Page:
California Lost Deed of Trust Bond |
AmeriPro Surety Bonds
California Title Companies; Requirements
You’re finally ready to make that move: either to refinance your California home, or better yet, sell it, take the profits, and move to a much more economically, socially, and tax-wise friendlier state than California.
Just as you are about to close on the refinance or sale of your home, your title company informs you that a lien or deed — which you’re certain you’ve paid — cannot be located; there is no reconveyance on record.
And in your own search, either the company that provided the loan is out of business, or the chain of ownership is lost through MERS, the mortgage electronic registration system.
The upshot of all of this is that in order for the selling or refinancing of your California home to take place, the title title company requires you to obtain a California lost trust deed surety bond.
Purpose of Your California Lost Trust Deed Bond
The California lost deed of trust bond serves as a financial guarantee for the title company that absolves them of any financial liability should at some point (in California the statutory limit is 3 years) some entity produces proof of an active, non-reconveyed deed of trust.
In essence, a California lost deed of trust bond transfers the financial liability to you, the purchaser (or principal), in exchange for the title company allowing the refinancing or selling of your California home.
California statutes also require you to provide Lost Deed of Trust Affidavit. It is commonly thought that this affidavit is filled out by the surety bond company, but the truth of the matter is that you, the Principal, must complete this form. Our agency can provide the form for you to complete.
Obtaining a California Lost Deed of Trust Bond — Not Too Difficult
Since it is the title company which requires a lost deed of trust bond, they will also be the ones to provide you with the information needed to obtain your bond.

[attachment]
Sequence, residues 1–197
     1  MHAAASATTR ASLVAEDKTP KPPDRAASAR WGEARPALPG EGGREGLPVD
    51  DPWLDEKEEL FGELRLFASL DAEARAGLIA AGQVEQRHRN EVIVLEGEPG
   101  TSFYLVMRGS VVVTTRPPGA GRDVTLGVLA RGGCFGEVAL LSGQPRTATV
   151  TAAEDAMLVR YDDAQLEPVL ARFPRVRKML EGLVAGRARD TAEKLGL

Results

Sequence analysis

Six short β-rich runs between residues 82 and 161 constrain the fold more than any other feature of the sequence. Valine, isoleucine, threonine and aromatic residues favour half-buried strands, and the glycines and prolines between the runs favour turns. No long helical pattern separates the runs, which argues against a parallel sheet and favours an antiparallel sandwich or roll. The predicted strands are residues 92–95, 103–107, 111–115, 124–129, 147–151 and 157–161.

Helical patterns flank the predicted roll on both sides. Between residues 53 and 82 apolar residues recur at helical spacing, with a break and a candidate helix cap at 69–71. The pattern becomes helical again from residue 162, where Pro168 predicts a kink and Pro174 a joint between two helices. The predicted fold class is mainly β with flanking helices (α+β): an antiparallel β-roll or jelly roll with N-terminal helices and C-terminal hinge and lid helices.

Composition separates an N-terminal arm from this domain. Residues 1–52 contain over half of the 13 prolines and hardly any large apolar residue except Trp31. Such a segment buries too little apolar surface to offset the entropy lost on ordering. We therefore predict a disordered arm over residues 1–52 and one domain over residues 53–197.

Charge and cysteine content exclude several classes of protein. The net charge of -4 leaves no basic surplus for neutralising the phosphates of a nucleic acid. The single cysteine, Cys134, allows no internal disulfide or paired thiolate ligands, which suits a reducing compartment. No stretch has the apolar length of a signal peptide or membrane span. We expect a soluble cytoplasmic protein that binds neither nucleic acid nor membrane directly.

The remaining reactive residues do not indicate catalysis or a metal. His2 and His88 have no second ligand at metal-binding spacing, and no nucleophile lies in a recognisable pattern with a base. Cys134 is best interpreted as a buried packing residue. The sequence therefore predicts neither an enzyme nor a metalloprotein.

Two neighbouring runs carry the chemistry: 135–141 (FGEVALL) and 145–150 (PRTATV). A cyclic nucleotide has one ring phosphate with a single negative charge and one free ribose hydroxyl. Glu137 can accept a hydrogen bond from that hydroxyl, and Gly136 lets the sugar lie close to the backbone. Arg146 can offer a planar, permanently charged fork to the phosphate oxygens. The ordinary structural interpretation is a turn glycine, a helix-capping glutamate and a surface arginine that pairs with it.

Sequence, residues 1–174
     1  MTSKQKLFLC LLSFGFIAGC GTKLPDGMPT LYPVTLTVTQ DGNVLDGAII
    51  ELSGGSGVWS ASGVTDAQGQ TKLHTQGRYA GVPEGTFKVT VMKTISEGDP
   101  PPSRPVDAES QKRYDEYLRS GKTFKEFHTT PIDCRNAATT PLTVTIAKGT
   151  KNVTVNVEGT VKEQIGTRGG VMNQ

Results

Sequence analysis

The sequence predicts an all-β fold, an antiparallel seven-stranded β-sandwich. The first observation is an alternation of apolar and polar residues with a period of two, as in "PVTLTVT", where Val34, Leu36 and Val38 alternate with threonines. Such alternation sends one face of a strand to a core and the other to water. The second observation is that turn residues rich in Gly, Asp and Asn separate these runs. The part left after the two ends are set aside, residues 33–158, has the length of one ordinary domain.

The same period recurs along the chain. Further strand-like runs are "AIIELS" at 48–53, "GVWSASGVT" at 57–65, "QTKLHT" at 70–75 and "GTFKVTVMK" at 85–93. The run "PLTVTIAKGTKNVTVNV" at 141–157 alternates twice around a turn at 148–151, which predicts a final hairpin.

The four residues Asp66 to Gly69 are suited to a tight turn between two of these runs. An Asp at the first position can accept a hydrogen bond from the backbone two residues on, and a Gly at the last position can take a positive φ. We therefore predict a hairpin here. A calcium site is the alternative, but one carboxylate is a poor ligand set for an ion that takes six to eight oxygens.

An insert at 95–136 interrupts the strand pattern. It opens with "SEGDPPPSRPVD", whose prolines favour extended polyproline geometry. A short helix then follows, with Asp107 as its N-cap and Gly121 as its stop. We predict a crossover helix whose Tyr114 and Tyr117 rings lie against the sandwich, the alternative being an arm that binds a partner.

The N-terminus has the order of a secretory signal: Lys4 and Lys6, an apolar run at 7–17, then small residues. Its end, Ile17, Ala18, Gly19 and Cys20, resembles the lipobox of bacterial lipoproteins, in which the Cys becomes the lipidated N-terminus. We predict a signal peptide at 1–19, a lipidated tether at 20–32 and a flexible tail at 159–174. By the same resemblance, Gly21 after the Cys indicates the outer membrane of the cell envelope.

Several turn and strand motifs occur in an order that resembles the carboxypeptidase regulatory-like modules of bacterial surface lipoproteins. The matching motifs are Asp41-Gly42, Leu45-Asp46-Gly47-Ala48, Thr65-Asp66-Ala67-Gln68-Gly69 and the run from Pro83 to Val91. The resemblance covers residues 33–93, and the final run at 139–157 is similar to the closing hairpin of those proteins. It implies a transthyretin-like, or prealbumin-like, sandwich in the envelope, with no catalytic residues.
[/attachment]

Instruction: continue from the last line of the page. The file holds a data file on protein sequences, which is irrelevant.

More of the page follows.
You, in turn, will need to provide that to us. These are:
- The amount of the surety bond that the title company wants you to obtain. While California there is a statutory multiple of the lost deed, the title company can, at its discretion, require an amount less than that multiple. We, however, need to know that amount;
- A copy of the preliminary report. Your title company knows what that is; we just need a copy of it;
- A copy of the deed of trust;
- Summary from you as to “what happened” surrounding the lost deed. Was the note paid? Were any efforts made to locate the lender? What were the results? Etc.
- A California lost deed of trust surety bond application from you. Ideally, we’ll get that application to you via Docusign.
Qualifying and the Premium
Our agency has the ability to provide a more streamlined, quicker processing of California lost deeds of trust bonds up to a $100,000 requirement. There is, however, a credit check for any CA lost mortgage deed bond amount.
An amount above $100,000 is also subject to an underwriter review. This review will also include a standard credit check inquiry. For lost deeds of trust above $100,000, a financial statement is also required.
With respect to a financial statement, note that underwriters are typically looking for you to demonstrate enough assets to cover the amount of bond were there ever a claim. Note also that financial statements are based on your word alone; there is typically never any independent verification of the amount stated.
Upon approval of your CA deed of trust bond, the premium is a onetime payment. The bond is active for California’s statutory limit for lost deeds of trust, 3 years.
Credit Concerns, If Applicable
Approval of your California lost deed of trust bond is made much easier with good credit. However, those whose FICO scores are lower may still qualify — and at a good rate.
Our agency has the ability to potentially have a surety company review your application from a company which has their own internal credit scoring.
What this means for you is that what may be a poor FICO score may not be poor by their underwriting standards. Bear in mind, however, that this is done on a case-by-case basis and so therefore may not be applicable to your credit scoring.
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